Getting arrested for, and particularly convicted of, a theft crime can have a long-ranging impact on your life, career and any professional license you may hold with the state.  A theft crime is a crime of moral turpitude, which are very much frowned upon when they come up in background checks or with the state board that may oversee a license you hold.

A crime of moral turpitude is one that involves either fraud, dishonesty or antisocial behavior that harms others.  These crimes of moral turpitude can lead to serious immigration consequences if you are not a citizen of the United States, loss of employment, and can be used to impeach your credibility.

If your job requires you to be licensed by the state, you may run into  administrative proceedings from those licensing authorities, resulting from your arrest.  For example, if you are a doctor, lawyer, nurse, or even a contractor, the state board who regulates your profession could initiate proceedings seeking to suspend or remove your license in addition to the criminal proceedings.

Thus, it is crucial to hire a skilled criminal defense attorney who is aware of these potential consequences and can fight your case to get a result that doesn’t trigger those things from happening.  Getting charges reduced, changed, avoided via a diversion program, are all avenues you want your lawyer to pursue when dealing with a theft case.

What “is” a theft crime?

A theft occurs when someone takes something of value from another, without their consent.  Theft crimes range from a minor petty theft to serious charges of armed robbery.  Technically, a theft is the unlawful taking and removing of another’s person property with the intent of depriving him or her of it.

Theft crimes in California can be charged as felonies, misdemeanors, or wobblers (which are crimes that can be charged as either a felony or misdemeanor, depending on the facts of your case and any previous criminal history).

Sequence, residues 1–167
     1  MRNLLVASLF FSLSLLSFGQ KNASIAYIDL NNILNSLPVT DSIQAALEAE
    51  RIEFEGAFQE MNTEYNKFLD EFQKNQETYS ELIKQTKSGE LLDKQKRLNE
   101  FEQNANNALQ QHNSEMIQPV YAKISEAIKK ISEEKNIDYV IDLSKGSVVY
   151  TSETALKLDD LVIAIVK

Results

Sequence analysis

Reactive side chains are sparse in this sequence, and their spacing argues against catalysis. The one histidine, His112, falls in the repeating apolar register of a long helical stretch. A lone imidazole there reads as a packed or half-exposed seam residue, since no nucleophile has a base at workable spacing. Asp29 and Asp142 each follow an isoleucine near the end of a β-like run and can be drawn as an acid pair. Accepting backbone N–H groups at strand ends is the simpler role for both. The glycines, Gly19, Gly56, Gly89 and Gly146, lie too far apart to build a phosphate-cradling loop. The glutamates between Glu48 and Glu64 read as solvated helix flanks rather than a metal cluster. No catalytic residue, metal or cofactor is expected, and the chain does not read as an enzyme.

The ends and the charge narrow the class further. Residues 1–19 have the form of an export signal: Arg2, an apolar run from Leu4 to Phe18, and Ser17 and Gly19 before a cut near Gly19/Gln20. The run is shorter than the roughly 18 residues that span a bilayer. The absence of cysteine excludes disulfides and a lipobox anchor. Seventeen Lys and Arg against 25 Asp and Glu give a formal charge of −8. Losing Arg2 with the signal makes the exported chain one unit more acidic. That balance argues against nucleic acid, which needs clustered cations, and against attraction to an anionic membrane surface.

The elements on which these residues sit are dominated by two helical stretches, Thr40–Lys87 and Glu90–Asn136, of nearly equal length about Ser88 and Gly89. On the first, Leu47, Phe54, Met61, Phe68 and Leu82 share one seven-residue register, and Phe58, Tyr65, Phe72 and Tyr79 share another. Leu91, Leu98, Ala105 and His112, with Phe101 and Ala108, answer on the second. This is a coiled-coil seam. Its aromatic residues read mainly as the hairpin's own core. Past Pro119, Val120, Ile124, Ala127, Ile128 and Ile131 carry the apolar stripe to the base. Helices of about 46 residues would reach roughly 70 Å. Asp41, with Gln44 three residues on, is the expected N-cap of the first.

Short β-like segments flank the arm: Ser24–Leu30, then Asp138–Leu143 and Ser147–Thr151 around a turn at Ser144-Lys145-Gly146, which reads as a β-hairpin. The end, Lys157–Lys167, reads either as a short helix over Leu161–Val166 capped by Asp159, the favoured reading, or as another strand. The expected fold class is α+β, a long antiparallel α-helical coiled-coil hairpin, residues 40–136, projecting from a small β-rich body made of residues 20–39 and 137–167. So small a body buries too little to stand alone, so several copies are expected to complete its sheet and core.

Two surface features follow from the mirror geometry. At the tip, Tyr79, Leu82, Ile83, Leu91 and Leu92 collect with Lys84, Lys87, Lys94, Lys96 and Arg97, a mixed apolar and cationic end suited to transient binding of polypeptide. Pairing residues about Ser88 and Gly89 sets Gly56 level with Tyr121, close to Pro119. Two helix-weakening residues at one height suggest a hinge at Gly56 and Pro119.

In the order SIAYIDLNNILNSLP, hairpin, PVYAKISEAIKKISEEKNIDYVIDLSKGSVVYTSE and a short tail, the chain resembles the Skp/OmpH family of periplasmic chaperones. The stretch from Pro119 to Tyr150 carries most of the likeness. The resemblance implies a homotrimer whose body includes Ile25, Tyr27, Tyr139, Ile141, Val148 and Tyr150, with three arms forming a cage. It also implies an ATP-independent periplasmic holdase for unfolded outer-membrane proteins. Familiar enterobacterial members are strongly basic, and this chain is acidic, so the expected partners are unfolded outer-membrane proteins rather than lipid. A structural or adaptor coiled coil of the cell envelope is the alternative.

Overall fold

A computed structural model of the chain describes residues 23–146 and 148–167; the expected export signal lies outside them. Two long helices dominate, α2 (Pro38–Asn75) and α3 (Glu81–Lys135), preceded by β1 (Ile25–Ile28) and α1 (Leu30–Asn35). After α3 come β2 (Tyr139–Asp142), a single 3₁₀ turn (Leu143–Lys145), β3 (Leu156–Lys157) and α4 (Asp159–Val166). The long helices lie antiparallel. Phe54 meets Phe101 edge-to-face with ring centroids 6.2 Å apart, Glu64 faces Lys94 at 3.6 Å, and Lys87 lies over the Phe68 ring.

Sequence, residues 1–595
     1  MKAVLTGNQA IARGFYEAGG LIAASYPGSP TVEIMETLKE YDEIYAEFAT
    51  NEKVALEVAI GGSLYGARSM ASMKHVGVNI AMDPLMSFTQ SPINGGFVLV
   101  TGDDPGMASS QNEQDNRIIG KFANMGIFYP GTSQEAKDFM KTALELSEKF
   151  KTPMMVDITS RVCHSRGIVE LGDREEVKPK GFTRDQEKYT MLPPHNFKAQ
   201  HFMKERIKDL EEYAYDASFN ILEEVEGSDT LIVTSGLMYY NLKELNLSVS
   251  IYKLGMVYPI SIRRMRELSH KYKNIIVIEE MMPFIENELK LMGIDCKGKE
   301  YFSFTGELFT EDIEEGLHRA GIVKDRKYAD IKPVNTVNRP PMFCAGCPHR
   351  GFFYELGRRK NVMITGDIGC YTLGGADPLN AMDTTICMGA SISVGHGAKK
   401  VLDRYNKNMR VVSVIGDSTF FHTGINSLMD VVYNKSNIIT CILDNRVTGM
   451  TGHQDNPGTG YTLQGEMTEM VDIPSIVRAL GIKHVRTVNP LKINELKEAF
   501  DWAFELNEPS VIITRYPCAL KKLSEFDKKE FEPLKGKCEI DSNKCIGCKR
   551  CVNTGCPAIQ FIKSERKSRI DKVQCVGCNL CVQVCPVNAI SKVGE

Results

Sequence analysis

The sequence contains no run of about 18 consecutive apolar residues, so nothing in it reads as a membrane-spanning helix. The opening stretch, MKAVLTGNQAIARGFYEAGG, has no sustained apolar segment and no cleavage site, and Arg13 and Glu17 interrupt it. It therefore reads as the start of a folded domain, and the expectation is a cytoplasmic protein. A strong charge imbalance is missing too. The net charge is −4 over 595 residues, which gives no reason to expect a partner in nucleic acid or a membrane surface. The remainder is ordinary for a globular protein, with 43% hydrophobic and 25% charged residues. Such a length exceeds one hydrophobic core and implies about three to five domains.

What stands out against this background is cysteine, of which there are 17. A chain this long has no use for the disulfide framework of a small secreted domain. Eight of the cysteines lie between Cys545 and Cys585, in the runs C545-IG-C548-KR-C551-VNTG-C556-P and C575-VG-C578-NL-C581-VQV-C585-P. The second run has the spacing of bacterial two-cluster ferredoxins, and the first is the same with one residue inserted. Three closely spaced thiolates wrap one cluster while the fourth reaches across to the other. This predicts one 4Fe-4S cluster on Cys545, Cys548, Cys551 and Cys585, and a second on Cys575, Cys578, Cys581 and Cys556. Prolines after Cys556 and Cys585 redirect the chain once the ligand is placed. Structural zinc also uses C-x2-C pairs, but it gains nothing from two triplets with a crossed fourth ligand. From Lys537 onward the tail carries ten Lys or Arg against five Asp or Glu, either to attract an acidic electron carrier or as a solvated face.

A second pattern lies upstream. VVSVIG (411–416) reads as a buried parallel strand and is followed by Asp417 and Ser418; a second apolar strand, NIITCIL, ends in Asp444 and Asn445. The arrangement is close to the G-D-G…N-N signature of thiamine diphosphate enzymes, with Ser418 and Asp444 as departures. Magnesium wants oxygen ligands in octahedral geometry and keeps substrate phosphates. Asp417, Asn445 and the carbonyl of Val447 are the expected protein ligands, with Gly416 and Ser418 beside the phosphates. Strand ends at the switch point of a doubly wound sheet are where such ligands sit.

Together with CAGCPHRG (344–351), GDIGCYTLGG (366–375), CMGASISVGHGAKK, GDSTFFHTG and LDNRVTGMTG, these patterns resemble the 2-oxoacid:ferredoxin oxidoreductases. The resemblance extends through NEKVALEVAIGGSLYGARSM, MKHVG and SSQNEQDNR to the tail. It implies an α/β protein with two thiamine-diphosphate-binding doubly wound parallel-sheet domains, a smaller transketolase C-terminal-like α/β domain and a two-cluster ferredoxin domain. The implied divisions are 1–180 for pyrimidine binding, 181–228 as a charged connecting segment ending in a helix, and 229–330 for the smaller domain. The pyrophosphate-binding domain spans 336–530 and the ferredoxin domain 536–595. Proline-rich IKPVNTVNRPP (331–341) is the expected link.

See general theft law here.

Examples of theft crimes include:

  • Shoplifting
  • Robbery
  • Burglary
  • Embezzlement
  • Forgery
  • Auto Theft
  • Receiving Stolen Property
  • Internet Theft
  • Credit/Check Card Fraud
  • Grand Theft
  • Armed Robbery

There are two levels of theft crimes: petty theft and grand theft.  Petty theft is the lesser offense and is charged as a misdemeanor.  Petty theft is the unlawful taking of someone’s property that is valued at $950 or less.  Grand theft is the more severe offense and is often filed as a felony.  Grand theft is the taking of someone else’s property valued at $950 or more.

Some FAQs about theft crimes

Does the cop have to read me my Miranda rights before they question me?

Well, the answer, unfortunately, is “it depends.”  Miranda rights are required before a law enforcement officer can subject you to a “custodial interrogation.”  You are technically “in custody” when the police arrest or detain you.  An “interrogation” occurs when the law enforcement officer asks you something designed to elicit some incriminating response from you.

A cop can ask for your identification, but cannot ask you questions about where and what you were doing.